Transpose vs Unpivot

One of the most common data cleanup issues is changing the structure of the data. Perhaps rows need to become columns and columns rows. In some cases you actually may need to turn a report back into a database. The terminology for this is often mistaken which means when you try and find a solution you use the wrong tools in Excel. The terminology to get right is whether you want to transpose or unpivot that data.

Transpose (turn rows into columns and columns into rows)

When you transpose, you want everything to change around. So below the title and dates move from rows to columns. The total number of cells used also stays the same. So the Original is 4 columns by 5 rows (20 cells) and the Transposed is 5 columns by 4 rows (20 cells). You have just swivelled them around.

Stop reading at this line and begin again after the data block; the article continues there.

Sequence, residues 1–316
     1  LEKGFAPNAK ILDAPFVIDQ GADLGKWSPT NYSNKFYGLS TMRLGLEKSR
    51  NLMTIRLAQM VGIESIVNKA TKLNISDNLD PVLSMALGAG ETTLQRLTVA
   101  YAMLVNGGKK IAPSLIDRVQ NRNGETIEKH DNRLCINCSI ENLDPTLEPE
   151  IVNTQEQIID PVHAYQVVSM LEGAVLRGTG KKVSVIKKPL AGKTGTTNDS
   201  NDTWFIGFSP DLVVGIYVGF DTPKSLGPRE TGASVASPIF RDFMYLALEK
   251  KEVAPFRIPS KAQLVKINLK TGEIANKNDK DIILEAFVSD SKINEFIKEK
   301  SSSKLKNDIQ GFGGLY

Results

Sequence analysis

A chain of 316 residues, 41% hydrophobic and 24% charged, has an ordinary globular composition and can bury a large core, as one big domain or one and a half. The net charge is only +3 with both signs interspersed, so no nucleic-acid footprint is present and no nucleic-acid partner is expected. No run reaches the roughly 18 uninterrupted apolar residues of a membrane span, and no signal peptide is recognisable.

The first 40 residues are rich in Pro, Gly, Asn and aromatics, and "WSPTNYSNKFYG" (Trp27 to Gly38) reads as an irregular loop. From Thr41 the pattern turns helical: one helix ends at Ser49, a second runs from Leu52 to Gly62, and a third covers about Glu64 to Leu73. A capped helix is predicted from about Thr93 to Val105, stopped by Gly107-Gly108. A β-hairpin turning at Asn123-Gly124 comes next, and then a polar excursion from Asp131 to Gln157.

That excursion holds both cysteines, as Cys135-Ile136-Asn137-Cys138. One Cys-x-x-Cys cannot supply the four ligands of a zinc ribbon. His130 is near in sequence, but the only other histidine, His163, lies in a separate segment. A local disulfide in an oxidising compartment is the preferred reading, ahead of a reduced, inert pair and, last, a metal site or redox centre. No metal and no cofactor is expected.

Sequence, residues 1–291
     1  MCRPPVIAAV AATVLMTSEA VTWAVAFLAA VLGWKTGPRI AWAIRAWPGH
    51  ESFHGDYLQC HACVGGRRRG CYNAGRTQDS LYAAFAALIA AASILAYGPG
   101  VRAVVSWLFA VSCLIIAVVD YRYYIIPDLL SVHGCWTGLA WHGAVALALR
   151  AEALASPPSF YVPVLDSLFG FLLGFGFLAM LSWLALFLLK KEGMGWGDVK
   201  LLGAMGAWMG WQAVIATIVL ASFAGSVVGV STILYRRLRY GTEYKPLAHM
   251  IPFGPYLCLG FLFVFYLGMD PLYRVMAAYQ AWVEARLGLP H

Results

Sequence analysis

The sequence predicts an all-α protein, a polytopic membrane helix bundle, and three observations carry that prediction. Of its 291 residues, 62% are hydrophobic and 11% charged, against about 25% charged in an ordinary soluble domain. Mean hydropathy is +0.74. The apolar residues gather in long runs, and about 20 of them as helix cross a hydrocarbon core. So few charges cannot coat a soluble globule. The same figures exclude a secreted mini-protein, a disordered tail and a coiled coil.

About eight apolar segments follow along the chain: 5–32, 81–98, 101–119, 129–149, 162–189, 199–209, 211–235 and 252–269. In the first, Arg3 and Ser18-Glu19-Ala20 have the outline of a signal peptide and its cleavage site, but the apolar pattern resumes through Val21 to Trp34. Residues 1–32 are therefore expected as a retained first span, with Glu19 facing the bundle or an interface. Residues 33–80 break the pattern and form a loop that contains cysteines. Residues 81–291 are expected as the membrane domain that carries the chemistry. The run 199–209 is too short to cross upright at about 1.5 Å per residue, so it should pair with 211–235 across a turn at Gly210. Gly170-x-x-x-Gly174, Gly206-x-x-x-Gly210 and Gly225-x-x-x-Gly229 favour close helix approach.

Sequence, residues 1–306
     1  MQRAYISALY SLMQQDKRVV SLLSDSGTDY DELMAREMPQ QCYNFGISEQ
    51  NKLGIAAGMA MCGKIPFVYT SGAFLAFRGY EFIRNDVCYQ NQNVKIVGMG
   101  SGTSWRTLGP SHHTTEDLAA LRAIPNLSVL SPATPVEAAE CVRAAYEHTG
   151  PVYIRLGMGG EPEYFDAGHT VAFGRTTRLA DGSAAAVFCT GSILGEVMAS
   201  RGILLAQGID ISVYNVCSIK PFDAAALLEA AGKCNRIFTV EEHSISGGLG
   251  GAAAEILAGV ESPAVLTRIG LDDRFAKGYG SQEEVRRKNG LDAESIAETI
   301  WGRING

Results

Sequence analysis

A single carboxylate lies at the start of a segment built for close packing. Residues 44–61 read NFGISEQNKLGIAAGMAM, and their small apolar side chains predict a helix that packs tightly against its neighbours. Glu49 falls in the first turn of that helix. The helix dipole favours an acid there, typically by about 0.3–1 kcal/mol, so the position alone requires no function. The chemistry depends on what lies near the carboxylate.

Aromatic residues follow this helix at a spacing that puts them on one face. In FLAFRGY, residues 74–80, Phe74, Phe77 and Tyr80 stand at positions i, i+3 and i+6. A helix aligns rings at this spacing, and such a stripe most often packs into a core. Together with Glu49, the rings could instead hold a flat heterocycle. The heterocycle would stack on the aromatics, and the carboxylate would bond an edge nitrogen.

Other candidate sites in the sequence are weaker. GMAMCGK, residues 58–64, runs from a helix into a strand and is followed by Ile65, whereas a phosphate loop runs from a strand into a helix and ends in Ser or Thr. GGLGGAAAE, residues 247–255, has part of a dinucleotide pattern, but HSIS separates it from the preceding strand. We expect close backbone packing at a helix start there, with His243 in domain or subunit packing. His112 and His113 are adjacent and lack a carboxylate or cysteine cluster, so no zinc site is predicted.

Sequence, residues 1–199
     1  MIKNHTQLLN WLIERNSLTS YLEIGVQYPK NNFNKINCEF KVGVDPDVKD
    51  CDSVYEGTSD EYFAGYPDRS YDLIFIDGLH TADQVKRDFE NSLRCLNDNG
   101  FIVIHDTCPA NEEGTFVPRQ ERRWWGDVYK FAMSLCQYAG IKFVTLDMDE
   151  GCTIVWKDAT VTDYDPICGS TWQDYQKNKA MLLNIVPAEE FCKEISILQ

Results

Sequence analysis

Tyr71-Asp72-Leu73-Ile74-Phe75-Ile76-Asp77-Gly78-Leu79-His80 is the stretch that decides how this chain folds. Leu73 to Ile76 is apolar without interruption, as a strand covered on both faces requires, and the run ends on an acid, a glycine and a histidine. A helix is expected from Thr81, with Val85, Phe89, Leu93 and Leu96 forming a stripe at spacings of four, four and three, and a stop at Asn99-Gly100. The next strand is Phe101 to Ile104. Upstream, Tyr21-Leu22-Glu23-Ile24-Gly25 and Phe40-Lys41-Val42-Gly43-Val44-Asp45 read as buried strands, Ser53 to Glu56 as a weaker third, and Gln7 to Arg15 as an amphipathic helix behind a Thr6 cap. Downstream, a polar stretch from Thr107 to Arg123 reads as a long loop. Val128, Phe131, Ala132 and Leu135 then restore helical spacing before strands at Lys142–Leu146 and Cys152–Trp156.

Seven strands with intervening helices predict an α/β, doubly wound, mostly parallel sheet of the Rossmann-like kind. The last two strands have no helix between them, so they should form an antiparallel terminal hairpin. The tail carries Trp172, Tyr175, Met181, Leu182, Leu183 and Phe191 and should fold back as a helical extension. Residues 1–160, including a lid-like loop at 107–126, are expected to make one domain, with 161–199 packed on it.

Transpose vs Unpivot

The easiest way to Transpose data in Excel is to use the Paste Special Transpose button. You can learn all about Paste Special in the Excel beginner course.

Unpivot (you need to normalise the data)

An unpivot reformats the data to make it easier to use in Excel. So below you will notice it ‘creates’ additional rows and makes sure that each bit of data appears in its own line. It will generally create a new column/s and increase the overall number of cells used i.e. going from

  • 4 columns by 5 rows (20 cells) to
  • 3 columns by 13 rows (36 cells)

Transpose vs Unpivot

We have found that most times you actually want to do an Unpivot rather than a Transpose. The problem is that performing an unpivot has been very difficult in Excel for years. However, now the new Get & Transform tool (aka PowerQuery) allows you to do this very easily.